Science Seen Time One author Colin Gillespie helps you understand the physics of your world.

RSS Feed

Understanding Planck-scale physics gives us evidence that we have free will

Physics has long been said to say we have no free will. Up close and dirty this is a false argument. And the whole issue is on the brink of fundamental change. A deeper grasp of physics brings together many threads to explain free will.

In a recent article in The Atlantic Steven Cave says: ‘The sciences have grown steadily bolder in their claim that all human behavior can be explained through the clockwork laws of cause and effect.’ The early argument against free will was based on a deterministic view of physical causation. The state of everything—including every atom in your brain—at a given instant was thought to be determined by the laws of physics applied to its previous state. This seemed to leave no room for free will.

When quantum theory came along some thought it would negate this argument because it says the state of each atom is randomly determined by applying laws of physics to its previous state. But on closer examination it becomes clear that random probabilities provide no better basis for free will.

Just as Albert Einstein did most physicists today accept that they have no free will. They are doing what the laws of physics cause them to do.

At root their argument says only that modern physics can’t explain free will. This should be no surprise. Physics fails to explain many observations. To pick just one notable example, it is at a loss to explain the “spooky action at a distance” Einstein ridiculed, now a well-established experimental reality.

Indeed, modern physics is not really explanatory. It comprises a web of math chosen for success in modeling experimental results. It is internally inconsistent. And it can’t explain itself.

The reason for this state of affairs is not really controversial. Modern physics mostly doesn’t model observations at the scale of real events—the Planck scale. We can’t make such observations. The smallest scale of observation is that of sub-atomic particles. But then physics treats some of them, like quarks and electrons, as point-particles with zero size.

This results in crazy inconsistent math that needs arbitrary fixes. More fundamentally it means that physics doesn’t study properties of the real world. It studies properties of invented entities. We should not be overly impressed by its failure to explain free will.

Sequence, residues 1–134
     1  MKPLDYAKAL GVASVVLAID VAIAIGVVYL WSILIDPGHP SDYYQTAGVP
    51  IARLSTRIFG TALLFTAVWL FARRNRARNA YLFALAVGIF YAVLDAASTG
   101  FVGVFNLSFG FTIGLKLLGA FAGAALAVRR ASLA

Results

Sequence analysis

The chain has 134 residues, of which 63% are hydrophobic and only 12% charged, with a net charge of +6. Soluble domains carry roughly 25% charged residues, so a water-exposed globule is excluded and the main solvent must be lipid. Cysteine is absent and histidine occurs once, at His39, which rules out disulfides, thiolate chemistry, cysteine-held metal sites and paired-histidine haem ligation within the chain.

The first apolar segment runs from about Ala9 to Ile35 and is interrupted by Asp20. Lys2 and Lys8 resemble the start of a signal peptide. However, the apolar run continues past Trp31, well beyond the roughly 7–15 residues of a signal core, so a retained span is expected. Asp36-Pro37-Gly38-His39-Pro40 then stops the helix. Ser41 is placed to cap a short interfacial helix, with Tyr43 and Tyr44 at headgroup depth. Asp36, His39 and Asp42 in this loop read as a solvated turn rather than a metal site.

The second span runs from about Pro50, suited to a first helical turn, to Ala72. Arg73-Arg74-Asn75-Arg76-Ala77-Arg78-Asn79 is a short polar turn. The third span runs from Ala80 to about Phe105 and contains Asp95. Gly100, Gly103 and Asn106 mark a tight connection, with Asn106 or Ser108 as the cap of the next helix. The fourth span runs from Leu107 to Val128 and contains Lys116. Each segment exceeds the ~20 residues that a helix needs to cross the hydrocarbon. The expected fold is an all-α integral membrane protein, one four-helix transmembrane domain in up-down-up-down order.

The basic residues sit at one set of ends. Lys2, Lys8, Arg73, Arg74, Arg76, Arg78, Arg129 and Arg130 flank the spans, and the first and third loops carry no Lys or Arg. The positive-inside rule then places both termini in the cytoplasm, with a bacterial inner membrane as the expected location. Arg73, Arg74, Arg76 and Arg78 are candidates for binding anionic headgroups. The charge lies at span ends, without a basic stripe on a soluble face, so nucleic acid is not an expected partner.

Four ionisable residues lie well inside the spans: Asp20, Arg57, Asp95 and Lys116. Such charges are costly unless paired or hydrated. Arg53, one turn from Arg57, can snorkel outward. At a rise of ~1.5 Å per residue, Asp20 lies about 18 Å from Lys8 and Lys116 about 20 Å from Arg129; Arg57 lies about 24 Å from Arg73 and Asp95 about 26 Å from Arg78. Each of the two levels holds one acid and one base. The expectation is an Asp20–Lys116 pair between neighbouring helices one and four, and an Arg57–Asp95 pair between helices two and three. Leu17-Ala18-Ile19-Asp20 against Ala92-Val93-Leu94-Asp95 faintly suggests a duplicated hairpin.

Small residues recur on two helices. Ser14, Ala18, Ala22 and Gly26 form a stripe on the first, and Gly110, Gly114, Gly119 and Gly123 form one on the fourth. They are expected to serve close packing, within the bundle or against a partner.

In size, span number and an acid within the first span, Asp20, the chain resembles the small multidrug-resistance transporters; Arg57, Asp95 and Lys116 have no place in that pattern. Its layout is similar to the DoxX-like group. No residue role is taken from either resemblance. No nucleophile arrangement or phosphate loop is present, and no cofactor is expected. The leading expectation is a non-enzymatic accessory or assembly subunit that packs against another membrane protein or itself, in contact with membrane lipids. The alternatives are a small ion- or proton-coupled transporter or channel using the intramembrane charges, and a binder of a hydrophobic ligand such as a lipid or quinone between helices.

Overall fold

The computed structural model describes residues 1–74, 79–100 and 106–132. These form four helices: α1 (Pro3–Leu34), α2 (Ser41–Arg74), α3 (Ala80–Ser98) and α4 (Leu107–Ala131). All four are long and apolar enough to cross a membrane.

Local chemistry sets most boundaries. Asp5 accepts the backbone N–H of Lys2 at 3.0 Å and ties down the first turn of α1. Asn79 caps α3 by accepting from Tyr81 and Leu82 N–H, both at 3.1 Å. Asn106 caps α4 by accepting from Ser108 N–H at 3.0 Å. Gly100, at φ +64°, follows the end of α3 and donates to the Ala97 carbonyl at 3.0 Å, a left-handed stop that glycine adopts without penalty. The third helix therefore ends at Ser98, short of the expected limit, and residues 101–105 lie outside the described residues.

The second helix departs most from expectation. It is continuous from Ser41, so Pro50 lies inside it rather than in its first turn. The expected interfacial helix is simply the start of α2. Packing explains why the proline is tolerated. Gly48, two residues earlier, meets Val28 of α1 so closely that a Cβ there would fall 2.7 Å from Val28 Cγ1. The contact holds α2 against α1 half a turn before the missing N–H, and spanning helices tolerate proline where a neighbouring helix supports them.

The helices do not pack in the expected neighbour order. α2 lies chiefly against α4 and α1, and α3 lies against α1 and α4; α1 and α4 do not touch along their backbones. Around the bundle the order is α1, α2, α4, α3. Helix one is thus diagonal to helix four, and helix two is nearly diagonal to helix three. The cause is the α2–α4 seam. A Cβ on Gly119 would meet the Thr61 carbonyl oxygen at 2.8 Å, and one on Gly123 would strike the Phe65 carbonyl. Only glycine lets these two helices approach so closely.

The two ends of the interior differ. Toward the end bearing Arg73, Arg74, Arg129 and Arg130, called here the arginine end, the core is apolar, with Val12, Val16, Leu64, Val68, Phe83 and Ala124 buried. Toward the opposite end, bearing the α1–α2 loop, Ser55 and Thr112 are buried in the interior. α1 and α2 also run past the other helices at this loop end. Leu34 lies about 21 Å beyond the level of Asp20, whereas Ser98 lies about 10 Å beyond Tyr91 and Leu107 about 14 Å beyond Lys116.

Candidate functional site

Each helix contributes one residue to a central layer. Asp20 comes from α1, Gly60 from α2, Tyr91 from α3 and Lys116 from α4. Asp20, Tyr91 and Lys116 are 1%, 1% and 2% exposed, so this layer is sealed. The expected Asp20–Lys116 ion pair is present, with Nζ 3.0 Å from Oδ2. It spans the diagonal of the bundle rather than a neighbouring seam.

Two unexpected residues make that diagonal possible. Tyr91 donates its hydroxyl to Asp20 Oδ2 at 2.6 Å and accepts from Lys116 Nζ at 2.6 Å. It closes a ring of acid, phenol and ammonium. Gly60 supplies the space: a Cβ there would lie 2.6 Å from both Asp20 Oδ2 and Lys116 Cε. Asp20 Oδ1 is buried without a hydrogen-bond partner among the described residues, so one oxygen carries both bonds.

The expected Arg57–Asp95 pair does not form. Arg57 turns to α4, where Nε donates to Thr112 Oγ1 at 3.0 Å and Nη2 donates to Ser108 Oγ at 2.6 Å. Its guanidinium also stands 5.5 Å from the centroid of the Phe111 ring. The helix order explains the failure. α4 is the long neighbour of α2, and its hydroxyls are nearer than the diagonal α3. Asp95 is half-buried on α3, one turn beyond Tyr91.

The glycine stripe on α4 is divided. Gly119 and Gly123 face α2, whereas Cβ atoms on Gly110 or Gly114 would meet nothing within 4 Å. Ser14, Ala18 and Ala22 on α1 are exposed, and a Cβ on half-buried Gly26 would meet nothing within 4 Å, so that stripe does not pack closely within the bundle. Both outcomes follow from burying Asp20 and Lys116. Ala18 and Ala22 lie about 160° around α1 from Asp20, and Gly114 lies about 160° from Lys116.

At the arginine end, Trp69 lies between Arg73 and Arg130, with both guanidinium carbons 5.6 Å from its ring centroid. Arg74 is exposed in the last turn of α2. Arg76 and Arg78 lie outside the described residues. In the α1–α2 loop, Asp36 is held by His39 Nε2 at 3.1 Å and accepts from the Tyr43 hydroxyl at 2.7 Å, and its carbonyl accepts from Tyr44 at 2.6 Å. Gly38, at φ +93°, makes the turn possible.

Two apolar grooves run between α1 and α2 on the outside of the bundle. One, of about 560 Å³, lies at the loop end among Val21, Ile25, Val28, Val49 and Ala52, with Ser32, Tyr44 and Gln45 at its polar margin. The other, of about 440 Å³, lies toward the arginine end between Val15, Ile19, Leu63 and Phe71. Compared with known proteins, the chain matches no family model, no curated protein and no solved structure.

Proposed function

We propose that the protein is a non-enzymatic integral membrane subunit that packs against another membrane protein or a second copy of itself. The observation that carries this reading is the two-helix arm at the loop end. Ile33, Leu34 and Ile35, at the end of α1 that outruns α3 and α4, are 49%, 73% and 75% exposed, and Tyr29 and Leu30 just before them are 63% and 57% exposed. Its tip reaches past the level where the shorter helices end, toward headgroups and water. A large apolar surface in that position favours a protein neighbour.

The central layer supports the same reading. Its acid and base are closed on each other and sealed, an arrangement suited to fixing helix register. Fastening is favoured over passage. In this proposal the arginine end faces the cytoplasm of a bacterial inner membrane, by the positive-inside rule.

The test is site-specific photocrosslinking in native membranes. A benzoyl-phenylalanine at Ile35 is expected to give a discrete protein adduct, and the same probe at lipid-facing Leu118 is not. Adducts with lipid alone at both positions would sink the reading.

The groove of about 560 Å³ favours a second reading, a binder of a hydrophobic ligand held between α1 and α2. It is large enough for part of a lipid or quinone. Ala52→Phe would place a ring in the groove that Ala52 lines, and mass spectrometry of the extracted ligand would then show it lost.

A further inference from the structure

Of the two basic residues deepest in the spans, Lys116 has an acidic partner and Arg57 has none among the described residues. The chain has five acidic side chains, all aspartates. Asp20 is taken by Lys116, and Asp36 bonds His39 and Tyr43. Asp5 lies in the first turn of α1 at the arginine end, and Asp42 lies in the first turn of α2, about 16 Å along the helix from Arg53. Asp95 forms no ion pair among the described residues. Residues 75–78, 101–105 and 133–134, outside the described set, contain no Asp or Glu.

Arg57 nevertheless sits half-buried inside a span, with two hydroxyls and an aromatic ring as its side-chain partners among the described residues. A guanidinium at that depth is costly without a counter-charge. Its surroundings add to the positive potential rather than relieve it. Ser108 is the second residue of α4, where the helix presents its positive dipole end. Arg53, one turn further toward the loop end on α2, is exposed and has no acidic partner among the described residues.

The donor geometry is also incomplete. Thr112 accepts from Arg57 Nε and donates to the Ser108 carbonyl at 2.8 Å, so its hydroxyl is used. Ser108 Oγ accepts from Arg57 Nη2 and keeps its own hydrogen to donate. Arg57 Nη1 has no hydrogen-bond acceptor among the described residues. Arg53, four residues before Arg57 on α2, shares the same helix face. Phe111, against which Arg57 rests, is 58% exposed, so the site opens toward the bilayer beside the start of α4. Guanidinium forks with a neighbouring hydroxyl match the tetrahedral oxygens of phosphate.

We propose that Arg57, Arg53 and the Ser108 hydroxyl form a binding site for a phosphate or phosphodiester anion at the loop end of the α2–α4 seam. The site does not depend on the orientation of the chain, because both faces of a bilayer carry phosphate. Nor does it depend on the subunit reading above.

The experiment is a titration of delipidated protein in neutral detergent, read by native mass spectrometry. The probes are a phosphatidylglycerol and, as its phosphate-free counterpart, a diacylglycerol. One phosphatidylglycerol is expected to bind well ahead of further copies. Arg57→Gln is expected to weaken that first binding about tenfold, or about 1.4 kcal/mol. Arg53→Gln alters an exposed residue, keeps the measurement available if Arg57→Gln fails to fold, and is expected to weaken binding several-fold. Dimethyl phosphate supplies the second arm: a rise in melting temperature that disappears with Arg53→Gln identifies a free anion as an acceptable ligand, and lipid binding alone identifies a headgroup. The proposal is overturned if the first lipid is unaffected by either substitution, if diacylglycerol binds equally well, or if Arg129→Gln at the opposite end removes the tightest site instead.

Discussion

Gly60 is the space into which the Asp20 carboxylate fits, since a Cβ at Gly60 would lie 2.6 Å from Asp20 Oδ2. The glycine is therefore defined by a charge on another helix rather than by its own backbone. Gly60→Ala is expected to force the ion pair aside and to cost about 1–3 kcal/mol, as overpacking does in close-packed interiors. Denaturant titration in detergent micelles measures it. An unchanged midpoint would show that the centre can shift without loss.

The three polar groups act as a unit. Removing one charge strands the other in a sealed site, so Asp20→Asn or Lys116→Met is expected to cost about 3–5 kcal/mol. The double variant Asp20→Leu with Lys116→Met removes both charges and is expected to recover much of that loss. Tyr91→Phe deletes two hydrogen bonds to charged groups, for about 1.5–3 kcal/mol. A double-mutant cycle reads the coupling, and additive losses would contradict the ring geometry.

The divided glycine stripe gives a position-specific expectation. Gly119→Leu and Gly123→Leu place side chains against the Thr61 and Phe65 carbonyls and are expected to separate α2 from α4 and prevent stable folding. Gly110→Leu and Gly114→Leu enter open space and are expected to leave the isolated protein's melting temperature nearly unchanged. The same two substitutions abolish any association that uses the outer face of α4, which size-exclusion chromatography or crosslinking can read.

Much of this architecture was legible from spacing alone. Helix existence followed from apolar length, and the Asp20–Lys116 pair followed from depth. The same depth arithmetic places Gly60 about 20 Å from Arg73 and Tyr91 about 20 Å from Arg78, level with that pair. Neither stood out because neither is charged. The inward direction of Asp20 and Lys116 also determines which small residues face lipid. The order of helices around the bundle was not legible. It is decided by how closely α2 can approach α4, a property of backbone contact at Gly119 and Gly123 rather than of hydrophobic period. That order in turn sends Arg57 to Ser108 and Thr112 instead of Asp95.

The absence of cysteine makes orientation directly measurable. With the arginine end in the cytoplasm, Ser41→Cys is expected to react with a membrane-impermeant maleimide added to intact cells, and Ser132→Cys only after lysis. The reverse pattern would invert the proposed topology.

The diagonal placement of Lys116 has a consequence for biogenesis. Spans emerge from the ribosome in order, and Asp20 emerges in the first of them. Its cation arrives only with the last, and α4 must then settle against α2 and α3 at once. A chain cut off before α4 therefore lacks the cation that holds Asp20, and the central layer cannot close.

String theory is an exception to the scale problem: it does study events at the Planck scale. But it suffers from two other problems: to date it has not been tested by any observations (as ex-string-theorist Lee Smolin famously complains); and string theory is built on an assumed background of continuous space but it is increasingly clear that at Planck scale space is granular.

Most recently Sundance Bilson-Thompson’s preon model offers three big advances: it is explanatory; it explains everything in terms of a single entity; and at Planck scale we can now conceive of each of those “point particles” as six far-flung twists between adjacent granules—or flecks—of space.

So how does all this turn into a free-will story? It leads to a view that the world we observe emerged as space flecks replicated. That is, new properties emerged from relationships between vast numbers of entities that do not themselves have those properties. The first to emerge was space itself. Then came matter and energy, emerging courtesy of Bilson-Thompson in the first 10-40 s after the beginning of the Big Bang. Laws of physics emerged as analog approximations to a digital reality.

freewillAlmost fourteen billion years later, free will emerged from relationships between the 100 billion neurons, 1,000 trillion synapses and 1,000 billion neuroglia of the brain that is the home of the human mind.

The concept of emergence offers us a path to explanation but falls short of a demonstration. How can we know for sure the human mind can transcend causation as described by the laws of physics? What sign can we find to confirm that we exercise free will?

Ironically one sure sign can be found in the very fictions of our physics. Modern physics is founded on properties that have no existence in this universe, like those zeroes. There are no zeroes in reality. The real world (even so-called empty space) is made up of a very large number of flecks. They comprise most of the mass of the universe. The universe began with one of them, not zero. Likewise there is no infinity; our universe is finite. Neither continuous space nor time is real. In 1886 German mathematician Leopold Kronecker was right when he said, ‘God made integers; all else is man’s work.’—no so-called real numbers can be found in the real world.

None of these fictitious properties could arise from causative laws of physics acting on the previous state of the world. They arose from creative acts of will by human beings.

As Euclid was wont to say: QED.

Image credit: Edward Feser,

No comments yet.

Leave a Reply